Lower the Cost of Capital
It has been suggested by several seminal papers (Botosan, 1997; Hail, 2002; Botosan and Plumlee, 2002; and Francis et al., 2008) that companies are equipped with high levels of disclosure would enjoy low information risk; simultaneously, it is more likely for them to have a lower cost of capital, compared with those firms with low disclosure levels and high information risk. In addition, as noted by Ding et al. (2007), IFRS usually requires more comprehensive disclosures than do most counties' accounting standards. Hence, it is extensively asserted that adopting IFRS would lessen the cost of capital by many seminal papers. For example, Daske et al. (2008) figures out a decrease in firms' cost of capital with a corresponding increase in Tobin's q, but only if they account for the likelihood which these effects occur before the official IFRS adoption date; therefore, this situation indicate that the market could predict the economic consequences of the mandate.
Apart from above-mentioned advantages, there are also some positive effects of adopting IFRS are asserted by numerous studies. Take El-Gazzar et al. (1999) for example, they state that exposing to new market, obtaining overseas debt and equity capital, enhancing customer recognition and lessening political costs could be the reasons why enterprises voluntarily comply with IFRS.
Although the merits of adopting IFRS have been comprehensively discussed above, there are numerous studies indicating that enforcement is a crucial factor which would impede the anticipated effects derived from IFRS adoption. Daske et al. (2008) find that the capital-market effects on the mandatory implication of IFRS reporting are not identical across countries and firms. These effects around mandatory IFRS adoption exist only in countries equipped with stricter enforcement regimes and in countries which the institutional environment renders strong incentives to firms so as to render transparent financial information. Furthermore, Daske et al. (2009) divide firms into 'serious' and 'label'  in according to their attitudes towards adopting IFRS. They notice that serious firms would enjoy significantly stronger effects than label ones in terms of the cost of capital and market liquidity. Namely, market participants could distinguish these two categories of firms.
Ball (2006) argues that uneven implementation, which derived from the inevitable political and economic factors around the world, would curtail the ability of common set of standards to lessen information costs as well as information risk. In addition, information processing costs might increase by immersing accounting inconsistencies at a less transparent and deeper level than more-readily observable differences in standards (ibid.). Ball believes that the foresaid situation would considerably influence the potential benefits of IFRS adoption. Similar result has been asserted by KPMG (2006) who surveys 187 firms across 10 countries in order to realise the different accounting principles or practices selected although these firms have prepared their accounting reports in accordance with IFRS. This survey indicates that despite substantial convergence, a strong national identity is still included in IFRS financial statements, which complies with the views regarding reporting incentives.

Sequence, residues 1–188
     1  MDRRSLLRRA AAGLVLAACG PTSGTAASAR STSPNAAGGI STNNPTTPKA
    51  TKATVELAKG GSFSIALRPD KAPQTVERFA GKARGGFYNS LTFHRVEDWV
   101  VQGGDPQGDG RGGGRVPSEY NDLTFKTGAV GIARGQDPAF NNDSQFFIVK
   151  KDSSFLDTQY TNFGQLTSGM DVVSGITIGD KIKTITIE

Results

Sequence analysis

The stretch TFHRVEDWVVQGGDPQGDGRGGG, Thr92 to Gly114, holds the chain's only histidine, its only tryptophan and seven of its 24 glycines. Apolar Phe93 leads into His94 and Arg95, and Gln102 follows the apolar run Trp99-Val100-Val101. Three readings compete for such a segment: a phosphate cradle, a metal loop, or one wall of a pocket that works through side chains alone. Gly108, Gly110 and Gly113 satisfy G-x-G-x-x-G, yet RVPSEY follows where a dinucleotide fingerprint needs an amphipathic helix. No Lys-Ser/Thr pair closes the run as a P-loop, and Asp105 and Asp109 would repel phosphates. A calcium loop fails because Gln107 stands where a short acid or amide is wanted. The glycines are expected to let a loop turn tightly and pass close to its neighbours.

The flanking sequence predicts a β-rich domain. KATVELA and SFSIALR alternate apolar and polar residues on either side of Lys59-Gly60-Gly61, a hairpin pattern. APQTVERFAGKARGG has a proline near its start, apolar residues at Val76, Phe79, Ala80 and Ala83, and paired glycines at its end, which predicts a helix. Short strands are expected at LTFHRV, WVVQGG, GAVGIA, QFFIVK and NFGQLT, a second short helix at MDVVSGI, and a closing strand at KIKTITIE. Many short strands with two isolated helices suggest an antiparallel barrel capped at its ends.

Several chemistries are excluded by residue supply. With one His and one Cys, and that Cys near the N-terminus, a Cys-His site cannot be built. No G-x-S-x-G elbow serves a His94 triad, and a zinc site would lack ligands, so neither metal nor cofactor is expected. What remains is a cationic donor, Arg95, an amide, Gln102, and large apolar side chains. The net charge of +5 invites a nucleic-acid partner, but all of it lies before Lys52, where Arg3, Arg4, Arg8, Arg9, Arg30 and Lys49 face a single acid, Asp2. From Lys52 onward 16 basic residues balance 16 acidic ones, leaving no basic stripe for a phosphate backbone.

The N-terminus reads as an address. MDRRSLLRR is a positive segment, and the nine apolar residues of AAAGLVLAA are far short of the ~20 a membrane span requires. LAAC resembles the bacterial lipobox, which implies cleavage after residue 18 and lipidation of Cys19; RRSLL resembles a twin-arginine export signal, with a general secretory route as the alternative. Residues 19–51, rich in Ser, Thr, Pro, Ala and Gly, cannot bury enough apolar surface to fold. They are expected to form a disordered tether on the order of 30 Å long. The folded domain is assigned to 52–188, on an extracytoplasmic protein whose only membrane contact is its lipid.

Drawbacks of adoption of IFRS
In the foresaid section, the merits of adopting IFRS have been comprehensively discussed. On the contrary, it is possible that investors would react negatively to the IFRS adoption when they anticipate that the costs come from adoption outweigh the benefits of it. Followings are the details of potential disadvantages regarding the implementation of IFRS.
Epstein (2009) argues that accounting risk consists of several underlying phenomena. One is risk that accounting principles exerted could not fully and accurately reflect the real economic constructs. (e.g., historical cost could not measure the economic value of long-lived assets). On the other hands, Epstein believes that the inability of users to process information is also a reason for producing accounting risk. As long as investors could not fully comprehend the measures and disclosures of some complicated accounting information, they call for higher returns to compensate higher risk they bear. Hence, it is still possible that adopting IFRS would deteriorate the cost of capital due to the fact that users of financial statements are not capable of understanding information presented in accordance with IFRS, relatively strange to them.
Direct and Indirect Cost
According to Carnachan (2003), it is held by Hope et al. (2006), that converging to IFRS will generate "both one-time transitional costs and the on-going costs of maintaining a standard-setting system." The one-time transitional costs manifests a huge amount of money and time spending because successful convergence calls for involvement of negotiations among the IASB, government authorities, national standard-setters, regulators, and professionals in participating in the convergence process. Simultaneously, direct compliance costs derived from retraining preparers, investors, auditors, and regulators to apply and interpret IFRS are inevitable. Apart from that, there will be on-going costs (e.g., mechanisms need to come up with the latest IFRS and interpretations and future standards) after the convergence. Jermakowicz et al. (2007) discuss the survey conducted by Ernst and Young (2002), which argue certain obstacles in the process of adopting IFRS. For example, adopting IFRS usually require paralleled accounting system in the periods of transition. Furthermore, it is mandatory to prepare comparative financial reports for past years. Apart from that, the necessary training for accountants, managements and auditors is also noteworthy. On the other hand, although adopting IFRS would increase disclosed information and, in turn, enhance the information quality, Dumontier and Raffournier (1998) contest that application IAS to Swiss firms would cost more. It results from the fact that firms apply IAS entail to prepare additional disclosure and give up vital discretion in accounting choices.